La Boum With a View
For photos, view the "Nightranger: VIP, Felt Up and Partying with Part Time Punks" slideshow.
If the success of Juno, Napoleon Dynamite and anything by Judd Apatow is a sign, the line between nerdy and studly is gone, dead, kaput, and it’s not a Jedi mind trick. Even in Hollywood at many of the hippest/flippest clubs in town, fuzzy, gawky types are gettin’ all the attention — and action. Take La Boum, the hot hump-night party at Bardot (the space above The Avalon formerly known as Spider Club, gorgeously redone to recall the building’s Deco splendor). Last Wednesday, the party’s promoter, Ana Calderon (Dim Mak), celebrated her birthday with an impromptu music show on the club’s semi-outdoor patio, featuring the likes of Simon Dawes, Rooney’s Taylor Locke, The White Arrows and, for the grand finale, the Moldy Peaches’ Adam Green and Har Mar Superstar. All were somewhat unruly-tressed, dowdily dressed-down types (one dude wore boxers and had bare feet; another had a flag towel on his head). Still, they had the usually blasé broods grinning and grooving nonstop, even Nightranger. Really, what’s not to like about musicians with real music chops delivering with awkward, gooberish sweetness? (It made Weezer famous, after all.) The gals who took the stage were more traditionally magnetic — vintage-frocked trio The Like and the enchanting doll-like C.C. Sheffield, but in all it was a highly amusing and mixed musical melting pot, not unlike the crowd itself. Behind us sat a healthy looking DJ AM and SBE’s Jennifer Rosero, while to our right, Peaches Geldof giggled and dragged on ciggies with a gaggle of similarly hippie-esque hotties. Newly single Benji Madden tried to keep a low pro with pal Steve Aoki in a corner booth, but he needn’t have worried. Proving our point above, the most wanted man seemed to be Superbad’s Jonah Hill, who was fielding female fans all night. La Boum, also co-promoted by Sheffield and former Viper Room booker Melissa Hernandez, is usually a DJ-only weekly party that’s refreshingly un-electro-driven. (Rock and retro dance faves rule the decks here, and past spinners have included Devendra Banhart and Yeah Yeah Yeahs.) You must know the week’s secret password (or, it seems, be a hip boho-hobo type or geek-chicster) to get in.
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A few weeks ago, a similarly too-cool-to-shampoo set flocked to the Eastside for the Part Time Punks Fest, featuring seminal post-punk outfits The Nightingales, A Certain Ratio,Pylon and more at The Echo and Echoplex. Anyone familiar with PTP knows that promoters Michael Stock and Ben White are anything but part time when it comes to their music obsessions. These vinyl rats have always championed the post-punk era and the labels that spawned its quirky, jerky jive (Rough Trade, Fast Product, Factory), which they more than did justice to, featuring rare appearances by the now-silver-fox-fronted innovators mentioned and adding newer acts, like synthy-sweet Swedes Love Is All, N.Y. dolls The Vivian Girls and surprise kiddie act Daytime Television. Seen sampling the art-damaged sonic goods: Blondie’s Frank Infante (who tells us he’s got a new solo project in the works and has been jamming with comrade Clem Burke) and David J, spinning a DJ set “inspired by our new president.” Though not normally as band-packed as the Fest, PTP events are always a hacienda of hell-raising. We hear last week’s tribute to The Cure was just like heaven. Oh, and if you like a li’l groove with your grinds, check out the PTP boys’ other shindig with the Dub Club dudes, Punky Reggae, at La Cita every Friday.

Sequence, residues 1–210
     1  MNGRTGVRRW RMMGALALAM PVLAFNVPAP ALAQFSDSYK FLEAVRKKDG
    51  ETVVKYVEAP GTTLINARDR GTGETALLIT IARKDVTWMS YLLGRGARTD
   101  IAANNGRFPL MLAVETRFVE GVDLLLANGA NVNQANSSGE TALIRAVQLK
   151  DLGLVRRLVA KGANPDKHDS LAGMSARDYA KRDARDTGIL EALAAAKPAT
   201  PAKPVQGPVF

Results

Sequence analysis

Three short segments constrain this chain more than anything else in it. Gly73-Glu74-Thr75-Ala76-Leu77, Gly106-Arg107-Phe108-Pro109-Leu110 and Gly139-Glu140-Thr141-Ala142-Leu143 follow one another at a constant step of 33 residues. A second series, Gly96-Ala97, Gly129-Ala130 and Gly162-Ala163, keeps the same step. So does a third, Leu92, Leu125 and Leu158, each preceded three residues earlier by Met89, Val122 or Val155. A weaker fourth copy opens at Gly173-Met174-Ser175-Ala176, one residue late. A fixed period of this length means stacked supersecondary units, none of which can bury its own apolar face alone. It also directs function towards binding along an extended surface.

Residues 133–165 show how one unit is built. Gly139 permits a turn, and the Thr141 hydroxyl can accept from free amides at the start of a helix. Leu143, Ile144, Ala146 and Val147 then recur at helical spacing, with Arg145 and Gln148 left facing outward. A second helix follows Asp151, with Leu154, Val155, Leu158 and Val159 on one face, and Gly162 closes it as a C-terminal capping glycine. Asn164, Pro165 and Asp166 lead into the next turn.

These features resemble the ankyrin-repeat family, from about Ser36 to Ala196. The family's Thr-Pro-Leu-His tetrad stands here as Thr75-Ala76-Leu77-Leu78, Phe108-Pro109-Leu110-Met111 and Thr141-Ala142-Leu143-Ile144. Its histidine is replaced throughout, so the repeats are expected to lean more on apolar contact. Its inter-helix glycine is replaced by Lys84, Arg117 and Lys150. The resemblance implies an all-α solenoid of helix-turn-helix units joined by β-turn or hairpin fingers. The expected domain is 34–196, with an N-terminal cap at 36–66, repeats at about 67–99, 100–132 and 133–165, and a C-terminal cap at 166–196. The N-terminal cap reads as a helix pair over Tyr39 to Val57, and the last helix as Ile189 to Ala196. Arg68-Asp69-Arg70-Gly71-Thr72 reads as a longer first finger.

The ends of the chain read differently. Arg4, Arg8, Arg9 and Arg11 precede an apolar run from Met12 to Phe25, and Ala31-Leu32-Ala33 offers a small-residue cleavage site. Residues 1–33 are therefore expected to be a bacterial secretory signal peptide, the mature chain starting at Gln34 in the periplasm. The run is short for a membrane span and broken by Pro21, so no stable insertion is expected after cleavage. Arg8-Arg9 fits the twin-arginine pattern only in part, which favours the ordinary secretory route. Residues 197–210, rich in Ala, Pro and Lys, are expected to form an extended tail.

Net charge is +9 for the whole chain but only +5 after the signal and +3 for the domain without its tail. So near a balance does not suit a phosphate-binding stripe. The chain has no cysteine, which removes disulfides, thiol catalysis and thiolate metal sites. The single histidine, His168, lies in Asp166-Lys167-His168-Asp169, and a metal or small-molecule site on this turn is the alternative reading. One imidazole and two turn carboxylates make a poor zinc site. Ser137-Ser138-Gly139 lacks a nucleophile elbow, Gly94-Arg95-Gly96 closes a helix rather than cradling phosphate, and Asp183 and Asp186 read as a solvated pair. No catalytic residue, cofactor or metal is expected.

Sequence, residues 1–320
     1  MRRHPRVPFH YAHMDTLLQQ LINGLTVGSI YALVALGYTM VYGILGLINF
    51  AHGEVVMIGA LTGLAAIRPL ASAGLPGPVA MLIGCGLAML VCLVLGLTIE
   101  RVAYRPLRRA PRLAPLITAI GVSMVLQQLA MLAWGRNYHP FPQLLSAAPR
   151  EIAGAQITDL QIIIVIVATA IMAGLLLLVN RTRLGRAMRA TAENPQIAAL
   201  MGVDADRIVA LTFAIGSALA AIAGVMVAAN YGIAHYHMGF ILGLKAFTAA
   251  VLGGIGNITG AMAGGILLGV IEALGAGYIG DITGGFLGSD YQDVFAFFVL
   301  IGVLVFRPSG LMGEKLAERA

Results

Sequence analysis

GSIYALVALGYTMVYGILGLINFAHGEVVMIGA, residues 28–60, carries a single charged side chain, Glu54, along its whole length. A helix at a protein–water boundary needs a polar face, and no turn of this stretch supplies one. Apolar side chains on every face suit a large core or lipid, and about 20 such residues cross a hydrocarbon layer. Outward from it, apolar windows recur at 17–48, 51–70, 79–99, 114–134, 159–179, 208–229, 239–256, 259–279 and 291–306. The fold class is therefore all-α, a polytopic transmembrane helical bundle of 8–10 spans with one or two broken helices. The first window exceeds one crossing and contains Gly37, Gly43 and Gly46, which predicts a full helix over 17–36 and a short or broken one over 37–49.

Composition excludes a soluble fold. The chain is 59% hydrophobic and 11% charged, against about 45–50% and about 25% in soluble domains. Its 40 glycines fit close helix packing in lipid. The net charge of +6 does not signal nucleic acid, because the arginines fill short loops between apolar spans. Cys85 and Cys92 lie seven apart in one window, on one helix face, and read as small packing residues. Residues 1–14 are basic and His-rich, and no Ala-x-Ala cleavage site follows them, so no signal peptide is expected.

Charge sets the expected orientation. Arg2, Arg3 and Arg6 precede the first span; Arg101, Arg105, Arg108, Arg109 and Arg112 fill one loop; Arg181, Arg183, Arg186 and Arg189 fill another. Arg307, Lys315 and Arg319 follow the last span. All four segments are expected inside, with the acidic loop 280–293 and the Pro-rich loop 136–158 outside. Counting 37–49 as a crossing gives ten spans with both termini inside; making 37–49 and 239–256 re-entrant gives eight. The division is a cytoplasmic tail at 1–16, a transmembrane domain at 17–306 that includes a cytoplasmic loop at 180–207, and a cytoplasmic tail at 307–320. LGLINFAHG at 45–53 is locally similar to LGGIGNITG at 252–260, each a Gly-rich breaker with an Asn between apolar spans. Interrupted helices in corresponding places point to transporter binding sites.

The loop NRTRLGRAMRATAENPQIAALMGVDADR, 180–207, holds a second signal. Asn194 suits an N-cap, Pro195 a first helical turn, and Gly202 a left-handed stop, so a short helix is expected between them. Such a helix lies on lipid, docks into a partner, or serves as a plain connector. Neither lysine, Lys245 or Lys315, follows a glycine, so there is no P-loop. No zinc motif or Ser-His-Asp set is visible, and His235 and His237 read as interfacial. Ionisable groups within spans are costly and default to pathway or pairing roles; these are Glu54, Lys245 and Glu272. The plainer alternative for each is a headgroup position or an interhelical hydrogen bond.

Speaking of the Echo, the club’s grande dame, Liz Garo, has just opened up a charming new vintage bookstore in the area, called Stories, and it’s sure to be the hood’s holiday pit stop this year. Vintage and homemade stuff is a unique (and green) way to gift, and in these tight financial times, a smart way, too. Thankfully, L.A. will be a craft-o-rama in the coming weeks. The season kicked off recently with one of the biggest, the biannual gathering called Felt Club at The Shrine. Hosted by colorful L.A. historian/slide-show king Charles Phoenix and featuring funky DJ sets from Lance Rock, Dirty Robot and Mr. Cocoon, this year’s Felt fete had a bar for the first time, which surely spiked sales. It definitely made the performance by spandex-hawkin’ singer Leslie Hall more (be)dazzling. Handmade highlights included I Heart Guts stuffed lovies, Mr. Funky’s crocheted animals and hats, and Kasimade’s Lego jewelry, all of which you can still get even if you missed the event. Just check out Feltclub.com for links to each vendor’s site. Since a lot of crafters are local, we wouldn’t be surprised to see a few at the slew of L.A. shopping events comin’ up, too. Mark your calendars for Echo Park stylista fave Sirens & Sailors@ The Compound Holiday Bazaar on December 14, with designer goods from Jared Gold, Show Pony, Matrushka and others, plus DJs and bands. See MySpace.com/sirensandsailors for more info. The day before, Unique Los Angeles kicks off its showcase of similarly indie hawkers at the California Market Center. See www.uniquelosangeles.com. And every weekend from now till December 21, the groovy gals from GhettoGloss’s Gallery throw their own Art, Craft & Vintage Flea Market, in a parking lot at Silver Lake and Glendale boulevards. The Gloss gals sure have been busy. The creations that came out of their ape-girl art project, Bronx Zoo, are on display, and they’re bananas (this weekend is your last chance to see ’em). And now they’re hard at work putting together Snow in L.A., a Christmas music fest taking place on December 21 at the Echo and the ’Plex.
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